B) DecoderBeginFrame() takes approximately 30ms. When (A) occurs, DecoderBeginFrame() takes approximately 30ms. What internal mechanism is causing this delay?
C) May we have documentation related to the above?
D) Would it be possible for you to explain the mechanism which allows the Workaround (3) to address issues (1) and (2)? Additionally, please instruct how we can restore audio video synchronization without the workarounds of (3)?
Outline of Issue
In a problem related to the above listed, mpeg2 playback with high playback rates (e.g., > 1.8) is causing audio/video sync to be lost. The problem has been explored on the following configurations:
Problem reproduced: Atom Z3735F 1.33GHz
Problem not reproduced: Atom Z3795 1.66Ghz, Atom Z2760 1.8GHz
Because the problem seems to occur on lower-specced chipsets, we determined to investigate what the bottleneck is. Logging timestamps, it turned out to be within the decoder where the below method is used to pass data to the DXVA.
At playback rates of 1.8, this method takes a long time to return. Although the time required to return is not fixed, when it is slow it takes between 10-150ms to complete, although 20-50s is most common. When it takes a long time, it is always on the second B frame (the B2 in the sequence I, B1, B2, P, B1, B2...); with other frames the processing completes without delay. Normally, the method completes in under 2ms.
(1) Drop b frames at the source
Result? Dropping B frames at the IMFMediaSource restored audio/video sync at 1.8x playback
(2) Turn off de-interlacing
Result? Synchronization restored.
(3) Turn of de-interlacing ONLY when SubmitDecoderBuffers was slow to return
Result? Synchronization is not restored.
(4) Don't output frames to the renderer when SubmitDecoderBuffers was slow to return
Result? Synchronization was restored. In this case, the one B frame (B2 above) was dropped several times until synchronization was stored. The process was periodically repeated in order to maintain sync.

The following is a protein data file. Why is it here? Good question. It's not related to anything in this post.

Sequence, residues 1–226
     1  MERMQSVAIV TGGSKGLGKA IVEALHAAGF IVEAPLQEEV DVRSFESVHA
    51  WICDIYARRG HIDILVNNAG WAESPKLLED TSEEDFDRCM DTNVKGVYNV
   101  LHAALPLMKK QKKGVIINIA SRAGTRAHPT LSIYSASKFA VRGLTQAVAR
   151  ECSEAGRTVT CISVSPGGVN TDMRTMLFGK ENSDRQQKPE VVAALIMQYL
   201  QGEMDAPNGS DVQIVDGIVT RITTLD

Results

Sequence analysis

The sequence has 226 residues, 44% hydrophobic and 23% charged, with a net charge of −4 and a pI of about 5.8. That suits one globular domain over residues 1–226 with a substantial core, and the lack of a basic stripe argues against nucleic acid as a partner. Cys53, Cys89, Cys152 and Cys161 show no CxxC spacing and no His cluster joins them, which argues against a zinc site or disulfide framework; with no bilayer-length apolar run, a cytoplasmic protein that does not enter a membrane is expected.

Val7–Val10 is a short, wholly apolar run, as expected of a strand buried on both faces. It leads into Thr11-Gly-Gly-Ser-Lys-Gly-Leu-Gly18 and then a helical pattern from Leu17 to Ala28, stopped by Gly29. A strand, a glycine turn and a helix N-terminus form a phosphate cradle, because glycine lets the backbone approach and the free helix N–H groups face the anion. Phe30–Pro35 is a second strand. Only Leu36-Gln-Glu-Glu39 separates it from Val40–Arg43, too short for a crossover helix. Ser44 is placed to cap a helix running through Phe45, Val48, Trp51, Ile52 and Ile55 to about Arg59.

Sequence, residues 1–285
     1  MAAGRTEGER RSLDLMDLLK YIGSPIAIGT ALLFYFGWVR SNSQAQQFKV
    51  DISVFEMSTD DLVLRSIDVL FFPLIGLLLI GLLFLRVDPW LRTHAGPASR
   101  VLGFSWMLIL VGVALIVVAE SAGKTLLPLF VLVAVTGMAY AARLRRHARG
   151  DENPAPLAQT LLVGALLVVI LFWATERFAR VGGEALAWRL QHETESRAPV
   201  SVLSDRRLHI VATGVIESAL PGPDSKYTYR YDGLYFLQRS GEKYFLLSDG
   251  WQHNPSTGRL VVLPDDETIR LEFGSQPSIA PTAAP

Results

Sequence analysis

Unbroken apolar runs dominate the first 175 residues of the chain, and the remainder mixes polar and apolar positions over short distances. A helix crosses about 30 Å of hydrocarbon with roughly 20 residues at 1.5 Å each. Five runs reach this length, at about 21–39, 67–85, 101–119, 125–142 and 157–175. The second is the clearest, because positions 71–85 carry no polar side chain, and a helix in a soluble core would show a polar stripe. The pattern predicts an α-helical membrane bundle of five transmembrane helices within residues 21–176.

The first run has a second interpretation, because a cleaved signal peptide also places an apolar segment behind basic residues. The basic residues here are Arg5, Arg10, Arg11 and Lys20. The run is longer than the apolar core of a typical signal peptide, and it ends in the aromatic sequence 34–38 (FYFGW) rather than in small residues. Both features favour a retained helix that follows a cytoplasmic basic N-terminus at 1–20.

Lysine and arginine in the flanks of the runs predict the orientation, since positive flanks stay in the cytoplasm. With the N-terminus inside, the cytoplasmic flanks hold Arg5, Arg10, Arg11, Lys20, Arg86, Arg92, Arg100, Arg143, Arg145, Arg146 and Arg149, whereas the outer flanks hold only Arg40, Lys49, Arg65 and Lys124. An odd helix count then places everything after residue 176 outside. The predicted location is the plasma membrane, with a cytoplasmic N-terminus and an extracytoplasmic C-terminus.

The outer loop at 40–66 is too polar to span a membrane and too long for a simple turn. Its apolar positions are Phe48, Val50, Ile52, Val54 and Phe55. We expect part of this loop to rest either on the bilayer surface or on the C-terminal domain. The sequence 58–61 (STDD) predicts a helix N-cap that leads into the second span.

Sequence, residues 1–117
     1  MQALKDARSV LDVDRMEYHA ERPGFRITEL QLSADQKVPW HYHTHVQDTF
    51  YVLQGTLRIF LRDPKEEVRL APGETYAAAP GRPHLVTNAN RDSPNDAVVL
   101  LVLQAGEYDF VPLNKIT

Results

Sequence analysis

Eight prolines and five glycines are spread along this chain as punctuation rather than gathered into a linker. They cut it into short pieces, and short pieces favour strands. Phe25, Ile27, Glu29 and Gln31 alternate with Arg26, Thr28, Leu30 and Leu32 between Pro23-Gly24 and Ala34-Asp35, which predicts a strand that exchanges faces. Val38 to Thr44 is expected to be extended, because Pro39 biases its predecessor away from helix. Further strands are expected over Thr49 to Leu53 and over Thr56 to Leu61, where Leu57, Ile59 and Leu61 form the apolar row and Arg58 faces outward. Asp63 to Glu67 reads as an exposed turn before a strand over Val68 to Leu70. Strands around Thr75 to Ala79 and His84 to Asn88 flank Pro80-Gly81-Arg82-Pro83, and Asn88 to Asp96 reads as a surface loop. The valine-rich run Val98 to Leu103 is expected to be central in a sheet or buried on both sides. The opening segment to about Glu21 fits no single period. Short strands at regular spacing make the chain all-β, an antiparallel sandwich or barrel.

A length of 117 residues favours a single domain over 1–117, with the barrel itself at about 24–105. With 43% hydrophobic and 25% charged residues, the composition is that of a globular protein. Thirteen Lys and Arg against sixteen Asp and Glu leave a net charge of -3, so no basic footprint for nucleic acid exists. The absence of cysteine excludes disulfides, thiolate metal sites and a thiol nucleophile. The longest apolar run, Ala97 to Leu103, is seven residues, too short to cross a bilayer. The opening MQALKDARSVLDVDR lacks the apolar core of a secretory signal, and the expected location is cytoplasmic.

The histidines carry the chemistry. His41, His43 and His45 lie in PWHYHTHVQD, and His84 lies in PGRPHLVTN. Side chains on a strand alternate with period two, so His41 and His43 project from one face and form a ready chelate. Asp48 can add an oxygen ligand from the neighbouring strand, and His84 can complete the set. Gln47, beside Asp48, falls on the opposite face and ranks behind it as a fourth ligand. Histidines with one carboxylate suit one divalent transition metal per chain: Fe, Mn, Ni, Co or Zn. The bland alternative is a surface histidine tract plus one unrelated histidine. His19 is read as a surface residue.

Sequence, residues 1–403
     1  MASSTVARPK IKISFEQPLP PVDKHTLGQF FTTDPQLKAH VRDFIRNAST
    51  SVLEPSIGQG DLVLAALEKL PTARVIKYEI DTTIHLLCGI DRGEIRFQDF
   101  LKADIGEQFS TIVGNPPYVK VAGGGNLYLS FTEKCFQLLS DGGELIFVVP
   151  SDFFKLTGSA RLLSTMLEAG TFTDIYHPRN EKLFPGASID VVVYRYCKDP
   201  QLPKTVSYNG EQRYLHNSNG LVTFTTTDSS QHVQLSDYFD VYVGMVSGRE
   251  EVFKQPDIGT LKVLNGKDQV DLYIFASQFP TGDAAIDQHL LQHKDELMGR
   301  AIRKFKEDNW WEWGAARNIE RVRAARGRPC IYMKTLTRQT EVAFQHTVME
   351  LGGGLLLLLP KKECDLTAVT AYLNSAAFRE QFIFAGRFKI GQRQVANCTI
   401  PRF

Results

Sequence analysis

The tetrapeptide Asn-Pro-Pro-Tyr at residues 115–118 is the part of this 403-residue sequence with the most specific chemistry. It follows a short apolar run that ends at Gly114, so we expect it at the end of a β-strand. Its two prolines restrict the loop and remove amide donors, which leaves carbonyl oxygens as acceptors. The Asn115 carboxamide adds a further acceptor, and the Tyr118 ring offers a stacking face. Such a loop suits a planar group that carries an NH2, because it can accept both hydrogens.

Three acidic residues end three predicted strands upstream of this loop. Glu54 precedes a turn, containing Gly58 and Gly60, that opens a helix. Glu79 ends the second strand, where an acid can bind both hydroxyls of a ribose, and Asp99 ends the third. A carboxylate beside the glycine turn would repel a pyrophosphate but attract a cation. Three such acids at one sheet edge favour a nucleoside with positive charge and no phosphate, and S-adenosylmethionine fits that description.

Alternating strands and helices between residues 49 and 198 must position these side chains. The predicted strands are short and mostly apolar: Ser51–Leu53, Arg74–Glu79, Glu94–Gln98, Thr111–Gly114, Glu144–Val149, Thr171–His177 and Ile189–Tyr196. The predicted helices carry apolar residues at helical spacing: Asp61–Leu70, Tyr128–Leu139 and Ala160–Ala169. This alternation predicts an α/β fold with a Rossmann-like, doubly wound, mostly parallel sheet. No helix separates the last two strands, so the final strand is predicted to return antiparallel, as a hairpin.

In the workarounds (2) and (4), audio/video sync was restored without dropping B frames at the source. With (1), B frames were dropped before they were even passed to the decoder. In all three cases, the GPU load was decreased and audio/video sync was restored.
In (3), it was not possible to restore synchronization simply by dropping the second B frame. We imagine this is because the processing of the first B frame is still taking too much time. Furthermore, turning interlacing off for only one in four B frames is simply insufficient.
Regarding SubmitDecoderBuffers - when performing high speed processing, is the time taken by SubmitDecoderBuffers a fundamental limitation, or might there be another reason why it is taking so long? Can you explain the internal mechanisms which are causing SubmitDecoderBuffers to be the bottleneck in these circumstances?
Thank you for taking the time to articulate the issue so thoroughly. Please give me some time to get your issue connected with the people at Intel that can get to the bottom of it. We may need to ask for some more detail from you, but we'll make sure we answer as much as we can without you having to go into further detail.